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Non English C++

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I was playing Final Fantasy X and thinking about how cool the japanese are at making games when I had a interesting thought. If they only speak japanese then how do they program in c++? Or do all the programmers know both japanese and english? Then this got me on to a bigger thought. Are there a versions of c++, or any programming language, that are in other spoken languages or are all the programmers in the world english speaking?

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I doubt language has much of an impact on programming ability (as long as the docs are in the right language!) because in C++ the only functions that would be english would be the standard libraries and even then they are just names. I imagine that using standard libraries couldn''t be much harder for them as it is for us to read a program that has vague variable names. Japanese programmers probably do know english as it is taught in school there. As for more widespread use of english in programming I have no idea..

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Good strong question.

If you were Japanese, how much English would you have to learn to program C++?

int
float
for
while
do
if
etc.

They can write their variable names in Japanese. I''d guess it''d probably take 10 minutes to learn all the English you need to know to program C++. They could read in their book that, "int means you are declaring an integer variable" (in Japanese of course).

As for the standard library, I guess maybe they could either have a Japanese standard library (maybe with macros), or they could just memorize that printf is the one you use to output text. Some of the functions don''t make any sense even if you know English (to the common person who isn''t a programmer). For instance, you just remember what atoi does, and don''t really remember from looking at the name and thinking, "array to integer" (or whatever it stands for).

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quote:
Original post by Russell
For instance, you just remember what atoi does, and don''t really remember from looking at the name and thinking, "array to integer" (or whatever it stands for).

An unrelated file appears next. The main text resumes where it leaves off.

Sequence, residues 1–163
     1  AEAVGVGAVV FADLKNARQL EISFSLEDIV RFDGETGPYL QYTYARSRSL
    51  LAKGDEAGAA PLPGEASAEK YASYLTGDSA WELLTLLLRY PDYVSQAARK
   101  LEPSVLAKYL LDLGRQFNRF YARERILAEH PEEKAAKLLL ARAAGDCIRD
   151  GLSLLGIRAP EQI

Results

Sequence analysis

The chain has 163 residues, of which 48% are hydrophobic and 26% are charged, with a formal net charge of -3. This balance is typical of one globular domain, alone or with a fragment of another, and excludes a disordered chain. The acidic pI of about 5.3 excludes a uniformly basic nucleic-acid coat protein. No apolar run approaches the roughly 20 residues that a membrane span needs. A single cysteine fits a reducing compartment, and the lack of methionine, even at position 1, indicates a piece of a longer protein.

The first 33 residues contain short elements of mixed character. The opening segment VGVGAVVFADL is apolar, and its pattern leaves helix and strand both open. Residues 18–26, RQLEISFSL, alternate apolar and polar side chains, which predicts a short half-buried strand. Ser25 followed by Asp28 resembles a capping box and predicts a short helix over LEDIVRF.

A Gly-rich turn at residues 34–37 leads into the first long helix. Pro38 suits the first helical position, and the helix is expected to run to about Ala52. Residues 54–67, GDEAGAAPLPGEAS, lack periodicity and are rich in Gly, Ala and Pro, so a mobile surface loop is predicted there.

I always thought it was to convert ''alphanumeric to integer''.

There are certainly things where, when programming MFC or Win32 for example, it is helpful to remembering what the functions are for and what the parameters represent if you have an idea what all the cryptic names mean. I''ve tried using open source projects where the code is in German and it did my head in. I couldn''t understand what some classes were for at all

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I am a programmer from austria. We learn from our books that the only way to make good programs is, to make them in english. So english is a big part in your life if you want to be a programmer in all non english speaking countries. But it is not hard to do this, because english is teached from the first class on.

with many greetings

Leukos

[edited by - leukos on June 17, 2003 3:07:04 AM]

[edited by - leukos on June 17, 2003 3:07:44 AM]

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1) English is a relatively universal language. We Americans have pretty much forced it on the rest of the world.

2) Keywords can be thought of like symbols rather than trying to find meaning in the letters.

3) Does anyone know of a (non-joke) programming language with keywords/etc. in a non-English language? I''ve always wanted to try it.

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When you don''t speak english, the only difference is that you have more problems to remember the keywords when you are a beginer. When I did my first programs in C++, I didn''t know the meaning of the "while" word, but I knew that if you put it in the program, you can do a loop.
Is like you try to learn programing in a languaje with this sintax:

MIENTRAS
{

}

or

SI
{

}
SINO
{

}

You only learn the keywords and use them, you don''t have to learn spanish to program in this languaje.

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Sorry:

MIENTRAS (condition)
{
//body of the loop
}

or

SI (condition)
{
//if part
}
SINO
{
//else part
}

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quote:
Original post by Way Walker
3) Does anyone know of a (non-joke) programming language with keywords/etc. in a non-English language? I''ve always wanted to try it.


Well, it''s kind of a joke language, but super logo has a dutch version, and I think it has versions in other languages too.

Do professional programmers in a non englsih speaking country use variable names and comments in english? I do that since a while, because it became very anoying to change everything when I had to post my code here etc.



My Site

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